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September 20, 2014

Gone Girls: When Women Go Missing in our own Backyards & How to Prevent It.

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One of the many hats that I wear is that of a syndicated movie reviewer.

(I write 90 second movie reviews which air on several public radio stations.)

Like many people, I am eagerly looking forward to the October 3rd release, Gone Girl. The movie, which is an adaptation of the best-selling novel by Gillian Flynn, has already created significant buzz due to the teaser trailers that have been released and the announcement that the movie’s ending is different than that of the novel.

(Without giving away any spoilers, I happen to be one of those who thought the latter’s ending worked quite well with the overall theme of the novel.)

However, Gone Girl has come a few weeks early to the town where I live. Unlike the movie, though, no one knows the ending. No one can walk away taking comfort that at least none of the characters are real because unlike the movie, the incidents I am referring to are all too real.

Specifically, they concern the disappearance of second year University of Virginia undergraduate, Hannah Graham, who has been missing since Sunday, September 14th. Already, the case has received major national and international coverage especially in the UK. (Graham and her parents are British citizens.)

Graham is actually the 5th young woman who has gone missing in the Charlottesville area since 2009. While the police are saying there is no evidence to connect any of the disappearances, the mother of one of them, Morgan Harrington (whose remains were later found on a farm outside of town), says, “Obviously they are not all connected, but it doesn’t seem normal. There’s either some connection of a serial predator or a crime spree gone crazy.”

Whether she is correct or not, even the disappearance of one person where I live is disturbing.

At the very least, it reminds me that even small, “nice” places to live are not without their dangers.

Secondly, it’s a painful reminder of how many people go missing each year in America. While the disappearance of children and young women tend to get the most media attention, the fact is thousands of people of all kinds—young, old, male, female, etc.—go missing each year.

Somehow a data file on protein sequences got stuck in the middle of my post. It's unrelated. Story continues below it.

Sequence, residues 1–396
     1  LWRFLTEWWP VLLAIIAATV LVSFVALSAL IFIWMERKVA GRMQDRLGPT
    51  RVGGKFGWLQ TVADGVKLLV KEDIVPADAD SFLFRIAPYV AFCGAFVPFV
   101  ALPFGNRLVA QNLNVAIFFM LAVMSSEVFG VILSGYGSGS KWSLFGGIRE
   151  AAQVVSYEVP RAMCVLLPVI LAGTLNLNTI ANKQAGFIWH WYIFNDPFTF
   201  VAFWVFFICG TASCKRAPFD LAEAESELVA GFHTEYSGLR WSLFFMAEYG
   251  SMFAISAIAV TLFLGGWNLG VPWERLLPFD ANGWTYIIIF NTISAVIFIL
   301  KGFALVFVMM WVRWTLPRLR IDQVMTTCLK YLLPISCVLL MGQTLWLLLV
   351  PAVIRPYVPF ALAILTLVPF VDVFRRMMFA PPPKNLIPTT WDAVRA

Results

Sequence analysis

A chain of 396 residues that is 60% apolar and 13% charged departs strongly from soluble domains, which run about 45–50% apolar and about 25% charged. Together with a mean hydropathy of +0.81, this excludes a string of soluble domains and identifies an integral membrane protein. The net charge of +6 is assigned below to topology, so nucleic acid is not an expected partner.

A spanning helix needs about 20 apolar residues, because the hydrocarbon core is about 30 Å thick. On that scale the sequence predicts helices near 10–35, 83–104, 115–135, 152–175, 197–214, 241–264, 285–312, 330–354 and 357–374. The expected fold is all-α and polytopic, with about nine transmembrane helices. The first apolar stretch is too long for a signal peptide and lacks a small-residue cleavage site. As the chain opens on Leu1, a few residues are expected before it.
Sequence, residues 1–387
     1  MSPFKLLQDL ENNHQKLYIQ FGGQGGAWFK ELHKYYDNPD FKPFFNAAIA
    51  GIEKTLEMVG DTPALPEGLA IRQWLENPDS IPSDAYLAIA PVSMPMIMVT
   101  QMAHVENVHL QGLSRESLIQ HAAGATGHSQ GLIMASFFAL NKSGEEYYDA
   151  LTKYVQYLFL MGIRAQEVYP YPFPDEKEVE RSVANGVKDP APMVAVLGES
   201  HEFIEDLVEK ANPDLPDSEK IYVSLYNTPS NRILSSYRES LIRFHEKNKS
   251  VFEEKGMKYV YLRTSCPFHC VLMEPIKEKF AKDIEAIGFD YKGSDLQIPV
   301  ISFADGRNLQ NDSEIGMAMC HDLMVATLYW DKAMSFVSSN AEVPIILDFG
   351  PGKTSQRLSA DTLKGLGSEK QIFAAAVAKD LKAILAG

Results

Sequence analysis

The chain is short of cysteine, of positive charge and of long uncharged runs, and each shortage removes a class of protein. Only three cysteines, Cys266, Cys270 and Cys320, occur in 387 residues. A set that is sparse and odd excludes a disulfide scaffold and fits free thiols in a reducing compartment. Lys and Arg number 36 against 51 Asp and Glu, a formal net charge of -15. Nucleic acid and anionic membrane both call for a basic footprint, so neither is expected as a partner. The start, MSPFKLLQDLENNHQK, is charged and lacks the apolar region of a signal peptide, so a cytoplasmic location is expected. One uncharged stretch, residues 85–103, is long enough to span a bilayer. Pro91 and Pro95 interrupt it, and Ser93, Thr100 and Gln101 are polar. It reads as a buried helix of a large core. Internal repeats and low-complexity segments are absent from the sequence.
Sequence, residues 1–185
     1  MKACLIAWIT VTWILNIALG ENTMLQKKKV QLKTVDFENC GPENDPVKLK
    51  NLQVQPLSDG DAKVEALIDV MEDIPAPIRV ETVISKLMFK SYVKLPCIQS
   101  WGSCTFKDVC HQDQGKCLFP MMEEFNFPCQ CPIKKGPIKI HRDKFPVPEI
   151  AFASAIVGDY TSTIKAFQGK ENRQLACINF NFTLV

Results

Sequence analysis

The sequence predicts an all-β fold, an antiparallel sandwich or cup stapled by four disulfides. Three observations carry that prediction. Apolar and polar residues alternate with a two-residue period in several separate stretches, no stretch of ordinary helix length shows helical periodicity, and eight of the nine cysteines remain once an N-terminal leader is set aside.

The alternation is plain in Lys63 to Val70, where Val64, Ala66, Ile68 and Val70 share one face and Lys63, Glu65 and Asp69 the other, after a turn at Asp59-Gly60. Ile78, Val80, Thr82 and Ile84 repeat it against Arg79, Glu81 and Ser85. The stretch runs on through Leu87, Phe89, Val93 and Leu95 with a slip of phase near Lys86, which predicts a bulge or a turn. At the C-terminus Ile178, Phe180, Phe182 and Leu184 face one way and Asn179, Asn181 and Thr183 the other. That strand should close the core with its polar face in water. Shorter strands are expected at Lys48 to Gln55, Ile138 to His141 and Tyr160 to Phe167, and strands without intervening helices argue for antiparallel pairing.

While the majority of missing person cases are resolved, some are not. Some cases remain unsolved indefinitely. (Think of the infamous Jimmy Hoffa case.) However, as a woman and a parent, the cases of missing women always strike a nerve with me. Although my daughter is still very young, it reminds me that there will never be a time, not even when she is an adult, that I will stop worrying about her safety.

Also, the fact that women are more likely to be abducted than men is a reminder that just by being a woman—even one who is pushing 40—I am still not completely safe either.

At various local news sites, there has been some criticism of the University of Virginia campus police for not “doing enough.” Frankly, I think this is misguided. As several have pointed out, Graham lived off-campus and was on her way to an off-campus party when she disappeared. (Surveillance footage of Graham on that night shows she was at various local places around town.)

Also, just thinking back to when I was that age, there is a feeling that of invincibility or a sense that nothing bad can possibly happen. I certainly felt that way, and that was before the day when everyone had a cellphone.

Indeed, cellphones, GPS devices, and the increasing use of surveillance cameras have gone a long way to adding to that false sense of security. Many people grumble that nowadays it is impossible to disappear. However, as the Graham case and others show, it is still possible for a person to seemingly disappear into thin air.

Furthermore, the role that alcohol often plays in many disappearances cannot be ignored. It’s not blaming the victim when the police mention that Graham appeared to be “heavily intoxicated” the night she disappeared. While we should live in a society where no one, including those who are drunk, should not have to fear being a possible abduction victim, the fact is it makes it far more likely for a predator to catch a would-be target.

Of course, we still do not know if Graham was abducted, much less where she is. My hope is for a happy ending where she is found safe and alive. However, even if that is not the case, I hope a lesson will be learned to help prevent other situations like this.

None of us should live in constant fear that we may end up missing, but it is a good idea to rely on the old-fashioned buddy system whenever we are going out alone and/or in the case of many single 20 somethings and beyond, just away for a long day trip or weekend by ourselves. A simple text message can be enough to suffice. Also, if we are on the receiving end, we need to remind ourselves we are not being busy bodies or sticking our nose in other people’s business if we notice they are missing for extended periods of time or do not show up to appointments.

I intend to pass that message on to my own daughter by setting that example myself. (Truth be told, despite being married and a mother, I often do not tell people where I am going and just say, “I am going out.”)

No one should ever have to go through the agony that Graham’s parents, friends, and loved ones are surely going through right now.

Hopefully, she and other gone girls will be found girls, sooner rather than later.

 

 

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Editor: Travis May

Photo: Vigil for Hannah Graham

 

 

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